When I was young, I always thought that I had normal parents, just like any other kid in school. Then as I grew older and started talking more about my parents and family life with my friends, realization dawned upon me. As always, the truth ain’t always going to be pretty. Mine ain’t too bad; it was just..well, odd. Because my parents are certainly an odd kind.
Firstly, my mum has never used any cane on us. How strange is that for a Singaporean parent? In fact, we have never bought a single cane in our lives. Except sugar cane drinks. And Christmas candy canes. Sure, you can beat the crap out of someone using a sturdy sugar cane, or blind someone in the eyes with a candy cane, but my mum sure never used those on us either! When I first laid my eyes on a cane in one of my kindergarten school friends’ home and heard of its formidability from them, it was almost like Columbus discovering America in 1942. Except that Columbus was probably a lot more excited and delighted, unlike my friends who tried to hide canes in everywhere feasible. Like in the fridge, under the cupboard, behind the television or, hell with fines and imprisonment (we were too young to be legally judged anyway – it would be our parents who had gotten the fines and sentences), throw the canes out of the window. In the 1980s and early 1990s, pedestrians were more likely to be killed by canes falling from the tenth storey than cars on the road.
When friends were getting their lives beaten out of them during childhood, mine was spent in parks and beaches, riding bicycles, strolling leisurely, running freely, building sand castles and dungeons, picking sea shells and whats not. I didn’t exactly have a very normal childhood, thanks to my strange parents. No wonder that I grew up weird.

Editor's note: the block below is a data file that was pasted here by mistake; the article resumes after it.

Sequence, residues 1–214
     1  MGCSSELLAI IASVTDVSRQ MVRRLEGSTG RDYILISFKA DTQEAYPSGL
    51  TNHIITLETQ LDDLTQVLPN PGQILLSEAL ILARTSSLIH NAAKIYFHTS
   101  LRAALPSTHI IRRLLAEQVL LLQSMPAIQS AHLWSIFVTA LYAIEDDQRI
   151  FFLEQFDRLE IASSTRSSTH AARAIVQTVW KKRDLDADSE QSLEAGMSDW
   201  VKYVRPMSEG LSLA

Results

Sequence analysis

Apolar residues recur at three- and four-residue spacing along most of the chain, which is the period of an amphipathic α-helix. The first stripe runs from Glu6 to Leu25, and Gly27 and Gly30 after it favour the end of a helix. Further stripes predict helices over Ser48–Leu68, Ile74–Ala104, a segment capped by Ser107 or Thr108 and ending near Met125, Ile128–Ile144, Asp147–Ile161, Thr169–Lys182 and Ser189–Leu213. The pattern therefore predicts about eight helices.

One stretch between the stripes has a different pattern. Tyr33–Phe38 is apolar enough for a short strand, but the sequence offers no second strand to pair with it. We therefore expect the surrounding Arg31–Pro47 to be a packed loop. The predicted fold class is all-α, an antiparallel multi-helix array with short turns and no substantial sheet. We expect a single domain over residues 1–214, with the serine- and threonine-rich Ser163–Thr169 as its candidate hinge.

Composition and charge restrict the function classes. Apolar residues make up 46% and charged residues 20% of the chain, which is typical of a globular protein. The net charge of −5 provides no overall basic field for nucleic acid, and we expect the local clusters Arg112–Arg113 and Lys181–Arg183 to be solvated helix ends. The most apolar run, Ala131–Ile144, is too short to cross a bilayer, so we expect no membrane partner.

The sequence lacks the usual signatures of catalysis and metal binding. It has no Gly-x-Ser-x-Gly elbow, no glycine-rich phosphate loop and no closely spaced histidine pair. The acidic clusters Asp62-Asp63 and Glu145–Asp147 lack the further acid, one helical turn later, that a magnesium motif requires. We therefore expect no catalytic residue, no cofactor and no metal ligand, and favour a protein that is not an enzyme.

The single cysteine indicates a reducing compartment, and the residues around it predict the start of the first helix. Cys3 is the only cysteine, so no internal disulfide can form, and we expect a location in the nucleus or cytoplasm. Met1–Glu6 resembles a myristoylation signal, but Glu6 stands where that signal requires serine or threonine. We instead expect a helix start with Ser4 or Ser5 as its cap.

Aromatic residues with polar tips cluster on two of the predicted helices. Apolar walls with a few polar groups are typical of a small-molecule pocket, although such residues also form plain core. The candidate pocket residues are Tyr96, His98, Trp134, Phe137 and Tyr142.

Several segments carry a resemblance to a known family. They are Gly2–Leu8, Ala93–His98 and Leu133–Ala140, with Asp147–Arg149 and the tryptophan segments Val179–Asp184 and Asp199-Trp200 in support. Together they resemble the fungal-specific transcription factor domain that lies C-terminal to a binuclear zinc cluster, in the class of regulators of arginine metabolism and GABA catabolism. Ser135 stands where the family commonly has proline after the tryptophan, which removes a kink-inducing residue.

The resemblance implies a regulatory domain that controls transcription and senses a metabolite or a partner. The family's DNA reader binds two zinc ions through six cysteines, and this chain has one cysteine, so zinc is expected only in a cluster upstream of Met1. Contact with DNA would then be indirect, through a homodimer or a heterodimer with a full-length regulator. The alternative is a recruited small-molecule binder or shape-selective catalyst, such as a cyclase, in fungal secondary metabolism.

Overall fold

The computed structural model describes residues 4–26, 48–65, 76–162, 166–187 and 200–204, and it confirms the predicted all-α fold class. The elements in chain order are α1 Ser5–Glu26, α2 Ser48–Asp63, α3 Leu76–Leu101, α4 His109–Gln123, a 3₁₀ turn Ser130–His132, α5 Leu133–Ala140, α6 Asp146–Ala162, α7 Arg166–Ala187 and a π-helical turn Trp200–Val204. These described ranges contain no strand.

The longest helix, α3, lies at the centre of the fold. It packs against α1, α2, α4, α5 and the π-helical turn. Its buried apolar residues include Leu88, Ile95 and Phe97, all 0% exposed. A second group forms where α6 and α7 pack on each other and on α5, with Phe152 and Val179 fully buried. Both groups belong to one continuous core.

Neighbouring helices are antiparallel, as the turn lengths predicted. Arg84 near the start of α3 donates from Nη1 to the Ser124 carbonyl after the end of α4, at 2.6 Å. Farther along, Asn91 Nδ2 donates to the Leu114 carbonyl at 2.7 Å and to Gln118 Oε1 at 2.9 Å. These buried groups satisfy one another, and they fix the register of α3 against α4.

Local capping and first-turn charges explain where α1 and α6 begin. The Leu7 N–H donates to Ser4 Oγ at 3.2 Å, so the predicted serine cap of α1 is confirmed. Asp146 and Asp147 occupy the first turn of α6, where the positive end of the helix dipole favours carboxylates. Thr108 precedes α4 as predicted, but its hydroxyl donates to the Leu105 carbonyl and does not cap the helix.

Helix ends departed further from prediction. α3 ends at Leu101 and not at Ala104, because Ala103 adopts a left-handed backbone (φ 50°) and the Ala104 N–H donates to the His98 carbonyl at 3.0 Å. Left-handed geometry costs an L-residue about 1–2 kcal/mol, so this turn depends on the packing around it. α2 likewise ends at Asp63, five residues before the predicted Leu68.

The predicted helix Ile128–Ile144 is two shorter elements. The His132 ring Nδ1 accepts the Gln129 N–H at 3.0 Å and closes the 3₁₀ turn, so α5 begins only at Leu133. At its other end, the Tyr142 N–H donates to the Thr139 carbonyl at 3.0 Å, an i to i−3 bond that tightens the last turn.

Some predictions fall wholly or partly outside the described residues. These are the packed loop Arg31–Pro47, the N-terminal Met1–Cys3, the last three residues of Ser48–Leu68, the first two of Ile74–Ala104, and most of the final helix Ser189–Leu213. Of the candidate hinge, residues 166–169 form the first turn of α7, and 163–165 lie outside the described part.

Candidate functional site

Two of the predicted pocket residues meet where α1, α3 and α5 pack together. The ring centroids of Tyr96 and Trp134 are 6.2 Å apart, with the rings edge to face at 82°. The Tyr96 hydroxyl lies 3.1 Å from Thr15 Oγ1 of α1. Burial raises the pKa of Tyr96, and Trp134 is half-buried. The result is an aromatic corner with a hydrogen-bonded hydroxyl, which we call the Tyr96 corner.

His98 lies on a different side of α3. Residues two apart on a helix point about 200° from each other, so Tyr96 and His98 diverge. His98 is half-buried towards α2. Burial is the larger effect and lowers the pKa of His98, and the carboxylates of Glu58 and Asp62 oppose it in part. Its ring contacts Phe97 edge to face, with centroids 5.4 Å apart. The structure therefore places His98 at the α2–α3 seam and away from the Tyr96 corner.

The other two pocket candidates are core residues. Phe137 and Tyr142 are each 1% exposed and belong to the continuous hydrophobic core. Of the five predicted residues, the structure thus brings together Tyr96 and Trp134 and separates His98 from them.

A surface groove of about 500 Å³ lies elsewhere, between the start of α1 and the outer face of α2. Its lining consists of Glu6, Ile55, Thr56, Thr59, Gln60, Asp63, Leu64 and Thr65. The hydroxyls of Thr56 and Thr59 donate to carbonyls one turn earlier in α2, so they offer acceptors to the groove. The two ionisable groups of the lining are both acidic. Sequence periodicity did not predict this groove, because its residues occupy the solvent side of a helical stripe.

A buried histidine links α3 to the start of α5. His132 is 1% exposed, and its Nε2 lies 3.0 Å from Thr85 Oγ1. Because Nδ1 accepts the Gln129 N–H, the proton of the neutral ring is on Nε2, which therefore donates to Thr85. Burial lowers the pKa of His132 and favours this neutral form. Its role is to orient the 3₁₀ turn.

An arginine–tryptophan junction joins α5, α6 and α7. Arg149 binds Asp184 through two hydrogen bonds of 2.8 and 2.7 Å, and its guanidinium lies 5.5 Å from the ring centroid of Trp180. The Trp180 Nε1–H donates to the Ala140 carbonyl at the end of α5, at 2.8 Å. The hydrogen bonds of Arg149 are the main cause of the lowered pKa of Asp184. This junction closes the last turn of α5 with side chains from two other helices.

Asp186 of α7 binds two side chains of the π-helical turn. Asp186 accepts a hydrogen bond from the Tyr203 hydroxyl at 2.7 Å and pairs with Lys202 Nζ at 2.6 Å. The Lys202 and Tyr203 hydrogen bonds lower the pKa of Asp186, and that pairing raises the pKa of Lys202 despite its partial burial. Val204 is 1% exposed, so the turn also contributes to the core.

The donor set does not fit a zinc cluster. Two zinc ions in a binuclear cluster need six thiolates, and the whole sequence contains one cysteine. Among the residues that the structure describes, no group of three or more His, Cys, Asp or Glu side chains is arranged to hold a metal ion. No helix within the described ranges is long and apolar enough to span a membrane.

My dad? My old man thinks that Chucky is a really hilarious movie and Chucky is a really funny doll who runs after people with a knife. Chucky, his bride and seed, the whole Chucky gang makes him laugh like mad. If you think that this is strange, hold on for a minute – my dad doesn’t even know English.
Just last Sunday, there I was sitting in the living room doing my work on my laptop and watching the TV at the same time. My parents were both watching Crime Watch. They LOVE Crime Watch. I just watch whatever’s on the set when I’m free. After ten minutes into the show, I suddenly realized what was so strange about the scene. They were watching Crime Watch on Channel 5. In English. My parents were discussing about the case (the Spiderman case – the guy who lived in a condominium and robbed his neighbours by climbing into their apartments through the windows) ardently.
So I laughed and said to them (in Mandarin, of course), “What are you guys watching? Do you understand what they are saying?”
To which my mum replied in earnest, “Yes, I’m reading the subtitles.”
The subtitles, in case you were wondering, were in English too.
And my dad, trying to be funny as usual, jested, “I understand what they are saying!”
My dad must understand Tamil as well then because sometimes he will watch Vasantham.